Don't wait until your system slows to a crawl before dealing with performance issues. By monitoring CPU utilization for critical applications, you can get warnings in advance of major problems.
This tip provides updated cumulative CPU utilization guideline values for monitoring your "interactive-like," response-time critical applications. Use a guideline value to alert you to possible response time degradation in the "near future" or a possible cause for "longer than normal" response times. The guideline values increase as the number of processors available in the system or partition (LPAR configuration) increases.
Recall that guidelines are just that -- guidelines. There may be instances when response time is very acceptable at values higher than guideline values shown. Alternatively, there may be other instances when response time is not acceptable and the CPU utilization guidelines are not exceeded.
The table shown below is an updated set of guideline values for monitoring steady-state CPU utilization of "high priority jobs" running under OS/400 -- where a response time is an important consideration. These guidelines apply to jobs/threads that perform work based upon input data and receiving a response. This work includes jobs doing 5250 transactions, Web serving, Domino server functions, and SQL-oriented database file operations.
No. of processors Guideline values for per system/partition "high priority jobs/threads" 1 70 2 76 4 81 8 85 12 87 18 90 24 91 32 93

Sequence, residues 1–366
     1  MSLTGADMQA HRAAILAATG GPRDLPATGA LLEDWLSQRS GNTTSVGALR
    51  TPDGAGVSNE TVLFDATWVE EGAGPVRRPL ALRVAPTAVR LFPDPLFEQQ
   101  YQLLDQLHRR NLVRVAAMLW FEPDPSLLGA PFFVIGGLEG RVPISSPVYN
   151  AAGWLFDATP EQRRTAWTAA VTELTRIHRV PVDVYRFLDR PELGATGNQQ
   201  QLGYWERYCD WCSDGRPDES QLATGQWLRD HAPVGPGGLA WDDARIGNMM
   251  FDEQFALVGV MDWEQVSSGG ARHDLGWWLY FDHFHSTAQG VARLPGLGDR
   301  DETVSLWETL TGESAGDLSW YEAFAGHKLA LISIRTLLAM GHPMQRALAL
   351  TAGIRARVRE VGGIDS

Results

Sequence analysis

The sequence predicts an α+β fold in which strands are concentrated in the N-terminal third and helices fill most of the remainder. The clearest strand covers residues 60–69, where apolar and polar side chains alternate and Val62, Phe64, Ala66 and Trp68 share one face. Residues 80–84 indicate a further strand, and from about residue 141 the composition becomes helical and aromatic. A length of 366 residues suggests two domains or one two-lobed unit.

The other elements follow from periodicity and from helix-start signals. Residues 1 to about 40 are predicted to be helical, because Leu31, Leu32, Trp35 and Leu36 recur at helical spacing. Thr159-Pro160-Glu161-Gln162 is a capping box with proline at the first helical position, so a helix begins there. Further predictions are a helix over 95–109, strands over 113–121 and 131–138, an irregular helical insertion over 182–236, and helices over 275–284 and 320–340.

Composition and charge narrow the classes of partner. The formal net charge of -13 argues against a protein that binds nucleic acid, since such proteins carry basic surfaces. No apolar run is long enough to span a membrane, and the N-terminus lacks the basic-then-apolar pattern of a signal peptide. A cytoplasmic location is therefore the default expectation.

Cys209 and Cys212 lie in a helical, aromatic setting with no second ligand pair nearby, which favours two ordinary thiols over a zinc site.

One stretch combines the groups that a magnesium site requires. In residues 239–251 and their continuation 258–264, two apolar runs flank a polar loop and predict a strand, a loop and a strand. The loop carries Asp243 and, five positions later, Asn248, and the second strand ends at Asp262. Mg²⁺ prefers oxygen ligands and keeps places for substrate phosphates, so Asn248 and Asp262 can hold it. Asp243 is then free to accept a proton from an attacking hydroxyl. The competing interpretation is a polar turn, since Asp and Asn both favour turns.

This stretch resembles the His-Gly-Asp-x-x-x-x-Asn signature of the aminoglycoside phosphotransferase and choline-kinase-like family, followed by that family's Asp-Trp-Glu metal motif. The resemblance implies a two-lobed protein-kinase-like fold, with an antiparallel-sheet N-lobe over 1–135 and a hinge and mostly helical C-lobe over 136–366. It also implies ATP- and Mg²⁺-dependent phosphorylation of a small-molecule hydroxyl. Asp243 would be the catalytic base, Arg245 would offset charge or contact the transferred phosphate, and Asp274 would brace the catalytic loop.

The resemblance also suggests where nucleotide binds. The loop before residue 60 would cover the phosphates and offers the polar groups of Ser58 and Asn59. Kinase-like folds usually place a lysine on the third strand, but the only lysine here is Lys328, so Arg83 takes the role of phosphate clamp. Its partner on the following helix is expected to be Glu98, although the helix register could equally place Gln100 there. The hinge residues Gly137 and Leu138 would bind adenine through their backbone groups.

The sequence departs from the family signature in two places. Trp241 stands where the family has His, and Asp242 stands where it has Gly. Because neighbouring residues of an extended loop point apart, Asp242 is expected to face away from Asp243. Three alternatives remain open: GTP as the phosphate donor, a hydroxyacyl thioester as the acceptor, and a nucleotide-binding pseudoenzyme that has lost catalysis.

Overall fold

You need to determine, for your application environment, at which OS/400 job run priority value(s) the jobs/threads run that you want to monitor. The guideline for a job/thread at any given priority value then includes the cumulative utilization of all jobs/threads active at equal to or higher priority compared to the priority of the selected job(s)/thread(s). You are then monitoring the cumulative CPU utilization of all jobs/threads running at equal to or higher priority to that value. For example, assume you want to monitor HTTP serving functions. Find out the run priority for the associated HTTP jobs/threads running under OS/400. Taking HTTP configuration defaults, this would be OS/400 job/thread RUNPTY 25. By using a RUNPTY value of 25 you include the other OS/400 functions that run jobs and threads at RUNPTY values 0 (iSeries microcode) through 25.
Under OS/400, key high priority functions/applications with default RUNPTY values less than 25 include the following:
- 5250 jobs. These jobs default priority value is 20.
- QSQSRVR jobs that perform Call Level Interface DB2 UDB SQL functions used by IBM functions such as Management Central and typically by Java-based applications performing SQL. These jobs/threads default to running at priority value 10.